"There is the unresolved question about whether it is beneficial," said Dr. Charles White, director of thoracic radiology at Baltimore's University of Maryland Medical Center, who also does not recommend CT for lung screening. "I don't want to be in the position of recommending a screening test when there are two very strong opinions, each marshalling data that is unresolved. I'd rather wait to see what happens with the other data when it comes in."

In reviewing current studies, White said Henschke's research "has done a huge service of bringing the issue to the forefront of the scientific community and to the public at large."

He agreed that the key issue is whether CT can detect lung cancer at an early enough stage to make a difference in mortality, relating an analogy between lung cancer and prostate cancer. By the time men pass the age of 80, there is a great likelihood they will have prostate cancer, but chances are that they will not die of prostate cancer.

"The question becomes: Are these additional 1% or 2% of (lung) nodules ones that would have killed the patient, or would people live with them and have no problems?" White asked.

In addition, he cited Henschke's 1999 research, which detected noncalcified nodules in 23% of study participants through low-dose CT at baseline, compared with 7% by chest radiography. Malignant disease was detected in 2.7% by CT and 0.7% by chest radiography. Stage I malignant disease was found in 2.3% of the cases by CT and 0.4% by chest radiography (Lancet, July 10, 1999, Vol. 354, No. 9173, pp. 99-105).

Extrapolating the total to 100,000 patients, more than 2,500 lives could be saved by early screening, even with overdiagnosis of lung nodules.

Unlike prostate cancer, lung cancer is a disease patients overwhelmingly die of rather than with. Once lung cancer is diagnosed, which tends to be at later stages of disease, only about 13% of men and 16% of women are still alive five years later.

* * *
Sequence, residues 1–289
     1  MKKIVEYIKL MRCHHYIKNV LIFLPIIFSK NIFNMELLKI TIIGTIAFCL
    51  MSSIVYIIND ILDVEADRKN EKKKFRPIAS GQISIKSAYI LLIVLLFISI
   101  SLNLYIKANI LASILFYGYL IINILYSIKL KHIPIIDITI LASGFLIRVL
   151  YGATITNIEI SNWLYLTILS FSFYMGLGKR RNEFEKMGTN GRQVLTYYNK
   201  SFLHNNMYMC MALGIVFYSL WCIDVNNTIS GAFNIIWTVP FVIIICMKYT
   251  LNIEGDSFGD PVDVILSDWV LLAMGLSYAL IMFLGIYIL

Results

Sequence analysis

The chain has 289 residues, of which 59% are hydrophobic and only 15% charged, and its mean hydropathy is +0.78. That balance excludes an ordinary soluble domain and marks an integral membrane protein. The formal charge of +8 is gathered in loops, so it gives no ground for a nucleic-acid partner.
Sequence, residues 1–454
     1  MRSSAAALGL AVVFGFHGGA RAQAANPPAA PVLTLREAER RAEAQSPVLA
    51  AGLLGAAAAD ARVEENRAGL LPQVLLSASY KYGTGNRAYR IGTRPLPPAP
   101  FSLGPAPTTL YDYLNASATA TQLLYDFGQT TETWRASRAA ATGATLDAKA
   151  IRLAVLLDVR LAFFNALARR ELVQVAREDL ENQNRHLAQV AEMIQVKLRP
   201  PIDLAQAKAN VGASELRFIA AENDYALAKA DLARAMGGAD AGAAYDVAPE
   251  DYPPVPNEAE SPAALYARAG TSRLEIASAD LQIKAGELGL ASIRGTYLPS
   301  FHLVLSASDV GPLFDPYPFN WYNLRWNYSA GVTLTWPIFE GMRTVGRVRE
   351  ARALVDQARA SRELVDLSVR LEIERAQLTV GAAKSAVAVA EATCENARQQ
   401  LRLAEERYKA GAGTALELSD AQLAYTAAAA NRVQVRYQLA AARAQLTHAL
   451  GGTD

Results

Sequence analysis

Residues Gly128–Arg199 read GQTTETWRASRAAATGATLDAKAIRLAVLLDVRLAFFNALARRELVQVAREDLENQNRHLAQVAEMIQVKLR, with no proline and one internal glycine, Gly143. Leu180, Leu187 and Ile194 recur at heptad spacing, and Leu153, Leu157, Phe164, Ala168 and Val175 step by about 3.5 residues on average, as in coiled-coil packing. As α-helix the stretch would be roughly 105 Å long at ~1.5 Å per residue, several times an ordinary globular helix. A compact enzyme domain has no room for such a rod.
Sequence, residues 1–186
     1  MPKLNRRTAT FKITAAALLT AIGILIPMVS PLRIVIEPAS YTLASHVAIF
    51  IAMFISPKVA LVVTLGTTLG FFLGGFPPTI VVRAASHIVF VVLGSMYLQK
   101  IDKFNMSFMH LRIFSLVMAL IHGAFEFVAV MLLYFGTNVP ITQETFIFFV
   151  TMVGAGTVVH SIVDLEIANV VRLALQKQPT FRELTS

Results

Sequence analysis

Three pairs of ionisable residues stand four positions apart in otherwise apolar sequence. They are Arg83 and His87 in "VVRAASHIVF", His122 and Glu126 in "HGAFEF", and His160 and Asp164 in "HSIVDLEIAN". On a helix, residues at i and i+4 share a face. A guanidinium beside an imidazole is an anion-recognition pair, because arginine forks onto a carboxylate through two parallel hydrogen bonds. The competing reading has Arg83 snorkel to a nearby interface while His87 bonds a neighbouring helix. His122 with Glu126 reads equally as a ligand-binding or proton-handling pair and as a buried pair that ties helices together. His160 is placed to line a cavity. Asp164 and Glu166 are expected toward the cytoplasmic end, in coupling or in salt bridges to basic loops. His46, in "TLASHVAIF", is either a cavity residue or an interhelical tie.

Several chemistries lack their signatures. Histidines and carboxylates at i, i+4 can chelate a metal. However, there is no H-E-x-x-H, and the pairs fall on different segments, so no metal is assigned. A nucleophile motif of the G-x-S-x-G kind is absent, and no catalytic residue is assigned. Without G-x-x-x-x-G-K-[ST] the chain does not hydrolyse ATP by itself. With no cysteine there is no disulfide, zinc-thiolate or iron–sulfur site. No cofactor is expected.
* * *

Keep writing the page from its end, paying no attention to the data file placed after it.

Managing nodules

"There is no doubt we can find small lung cancers with greater sensitivity than other screening modalities, such as chest x-rays," said Dr. Ella A. Kazerooni, director of the cardiothoracic radiology division at the University of Michigan (UM) Medical School in Ann Arbor. "The main problem remains the large number of false positives and how to manage those."

For every 100 patients with detected nodules, only one or two people may actually have lung cancer, Kazerooni said. The remainder of the patients still need their nodules monitored over time to ensure they are stable or, at some point, become large enough to require biopsy or surgical removal.

UM is part of the National Cancer Institute (NCI) Lung Image Database Consortium (LIDC) and one of the 46 centers participating in the National Lung Screening Trial (NLST). "Until we have data from the National Lung Screening Trial," Kazerooni added, "we won't have enough information to know if this is an efficacious screening."